Through the 1930s, there was continued tension between the scientific approach to schooling, including a greater reliance on standardized tests, and the approach that focused on social development and democratic values. To some extent, this was a false dichotomy. The science of education as proposed by Cubberley and Wetzel dealt more with the feedback system used to determine if teachers, schools, and districts were being effective. To this extent, their emphasis was on data with which to make decisions about future actions. Considered from this perspective, some of Cubberley and Wetzel's recommendations might be considered precursors to some of our recommendations regarding the use of data for feedback. Dewey's focus was more on the ultimate goal of education. The two perspectives are not innately incompatible. One can use data for feedback but still maintain the goal of an education system that fosters democratic ideals. Nonetheless, the two perspectives were not described or perceived in a fashion that allowed for integration, and the tension between them continued through the Great Depression.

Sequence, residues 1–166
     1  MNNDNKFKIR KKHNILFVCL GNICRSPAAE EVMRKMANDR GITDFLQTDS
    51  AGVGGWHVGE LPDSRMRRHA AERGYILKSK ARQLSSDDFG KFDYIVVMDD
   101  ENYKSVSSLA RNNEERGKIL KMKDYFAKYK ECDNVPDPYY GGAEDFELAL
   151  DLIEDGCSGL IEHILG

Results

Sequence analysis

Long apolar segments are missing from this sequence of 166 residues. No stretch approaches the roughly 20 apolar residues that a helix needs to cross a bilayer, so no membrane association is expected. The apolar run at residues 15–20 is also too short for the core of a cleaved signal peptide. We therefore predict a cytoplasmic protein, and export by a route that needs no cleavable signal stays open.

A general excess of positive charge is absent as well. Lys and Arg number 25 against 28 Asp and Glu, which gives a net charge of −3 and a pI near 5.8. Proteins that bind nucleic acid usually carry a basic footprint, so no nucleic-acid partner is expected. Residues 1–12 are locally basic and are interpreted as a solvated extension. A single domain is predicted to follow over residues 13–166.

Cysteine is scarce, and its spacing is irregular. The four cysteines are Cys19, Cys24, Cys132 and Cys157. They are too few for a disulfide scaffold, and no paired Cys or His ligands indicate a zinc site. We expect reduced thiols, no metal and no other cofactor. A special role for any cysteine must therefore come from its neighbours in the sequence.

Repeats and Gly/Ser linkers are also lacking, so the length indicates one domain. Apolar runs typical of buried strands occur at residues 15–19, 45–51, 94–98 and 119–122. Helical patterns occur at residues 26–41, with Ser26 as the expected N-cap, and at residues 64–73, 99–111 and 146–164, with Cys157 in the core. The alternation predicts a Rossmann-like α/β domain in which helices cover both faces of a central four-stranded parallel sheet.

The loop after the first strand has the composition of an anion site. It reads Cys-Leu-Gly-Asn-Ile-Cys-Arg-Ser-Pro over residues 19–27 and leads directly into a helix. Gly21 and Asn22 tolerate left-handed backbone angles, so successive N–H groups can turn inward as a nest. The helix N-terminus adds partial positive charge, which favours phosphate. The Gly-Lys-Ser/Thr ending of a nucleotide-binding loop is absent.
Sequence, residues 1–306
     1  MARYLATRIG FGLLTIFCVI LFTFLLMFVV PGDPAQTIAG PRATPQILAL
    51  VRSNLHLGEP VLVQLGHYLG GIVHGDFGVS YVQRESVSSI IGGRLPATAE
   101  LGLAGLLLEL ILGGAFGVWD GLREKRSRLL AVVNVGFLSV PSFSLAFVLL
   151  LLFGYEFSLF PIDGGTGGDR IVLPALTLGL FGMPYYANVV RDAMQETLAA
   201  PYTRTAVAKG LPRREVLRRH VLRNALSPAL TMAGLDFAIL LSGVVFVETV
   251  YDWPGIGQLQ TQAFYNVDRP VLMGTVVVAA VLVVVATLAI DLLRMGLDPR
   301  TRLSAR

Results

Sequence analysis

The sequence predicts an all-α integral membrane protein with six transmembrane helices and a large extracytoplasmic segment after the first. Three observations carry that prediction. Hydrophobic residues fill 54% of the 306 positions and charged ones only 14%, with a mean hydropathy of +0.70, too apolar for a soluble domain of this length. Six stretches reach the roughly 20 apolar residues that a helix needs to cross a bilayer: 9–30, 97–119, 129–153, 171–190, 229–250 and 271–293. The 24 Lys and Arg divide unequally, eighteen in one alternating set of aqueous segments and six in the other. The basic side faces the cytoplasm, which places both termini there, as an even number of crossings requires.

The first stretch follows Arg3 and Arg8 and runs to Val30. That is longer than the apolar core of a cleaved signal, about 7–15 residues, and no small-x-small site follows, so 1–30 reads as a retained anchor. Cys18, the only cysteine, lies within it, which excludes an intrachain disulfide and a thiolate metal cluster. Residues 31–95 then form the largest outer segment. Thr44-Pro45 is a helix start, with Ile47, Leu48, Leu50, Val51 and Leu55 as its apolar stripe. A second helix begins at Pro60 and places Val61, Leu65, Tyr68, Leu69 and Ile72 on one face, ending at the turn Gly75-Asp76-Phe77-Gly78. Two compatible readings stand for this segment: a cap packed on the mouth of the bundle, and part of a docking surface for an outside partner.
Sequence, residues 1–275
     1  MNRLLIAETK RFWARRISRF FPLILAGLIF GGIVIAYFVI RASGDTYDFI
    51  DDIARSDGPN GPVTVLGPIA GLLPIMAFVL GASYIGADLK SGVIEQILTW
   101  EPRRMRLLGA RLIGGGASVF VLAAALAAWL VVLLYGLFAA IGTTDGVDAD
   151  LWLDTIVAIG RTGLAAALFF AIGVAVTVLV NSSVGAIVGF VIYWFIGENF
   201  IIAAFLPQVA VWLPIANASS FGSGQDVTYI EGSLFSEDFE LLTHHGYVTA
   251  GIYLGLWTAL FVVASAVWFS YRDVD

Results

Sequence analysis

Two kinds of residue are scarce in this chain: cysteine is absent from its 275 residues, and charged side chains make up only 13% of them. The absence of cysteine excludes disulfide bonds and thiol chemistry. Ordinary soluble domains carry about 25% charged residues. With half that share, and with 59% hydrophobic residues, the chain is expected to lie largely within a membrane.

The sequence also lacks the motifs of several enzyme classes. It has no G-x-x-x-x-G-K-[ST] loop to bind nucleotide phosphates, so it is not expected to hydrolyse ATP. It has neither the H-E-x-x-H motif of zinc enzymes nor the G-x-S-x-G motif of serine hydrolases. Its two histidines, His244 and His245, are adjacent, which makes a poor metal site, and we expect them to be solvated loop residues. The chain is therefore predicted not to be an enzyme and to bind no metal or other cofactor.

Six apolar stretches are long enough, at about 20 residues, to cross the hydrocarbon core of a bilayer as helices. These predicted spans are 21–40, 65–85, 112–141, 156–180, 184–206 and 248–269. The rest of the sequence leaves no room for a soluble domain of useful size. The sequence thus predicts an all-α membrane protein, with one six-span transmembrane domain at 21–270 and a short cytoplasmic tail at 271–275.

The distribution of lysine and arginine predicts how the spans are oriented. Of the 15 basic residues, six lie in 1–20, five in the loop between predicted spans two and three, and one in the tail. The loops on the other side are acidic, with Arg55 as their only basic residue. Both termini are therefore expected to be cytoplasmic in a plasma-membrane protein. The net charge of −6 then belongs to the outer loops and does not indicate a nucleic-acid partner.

The period immediately after World War II began with a swing away from the scientific approach to schooling. Rather than describing supervisory processes in terms of raw materials and products, the literature began to focus on the teacher as an individual. Emphasis was placed on not only assisting the teacher to develop his or her unique skills, but also tending to his or her emotional needs. The January 1946 issue of Educational Leadership magazine, published only a few months after the conclusion of World War II, reflects this shift. In an article titled "The Supervisory Visit," Elsie Coleman (1945) stated that "the first fundamental in understanding the teacher is … that the teacher is a person, different from every other person, living in an environment which affects and in turn is affected by that person" (p. 165). In the same issue of Educational Leadership, Lewis and Leps (1946) described the supervisory process as though it were an extension of efforts to liberate Europe. Guidelines for a successful supervisory model included (1) democratic ideals, (2) opportunities for initiative, (3) understanding human limitations, (4) shared decision making, and (5) delegation of responsibility (p. 163). In describing this new world of supervision, Lewis and Leps stated, "The school administrator, with the acceptance of the community, is gaining the courage to utilize the creative force to be gained in freeing the human beings who comprise the school situation to participate in the making of policies and plans for their execution; and, hence, to utilize the force and creativity inherent in the democratic process" (p. 161).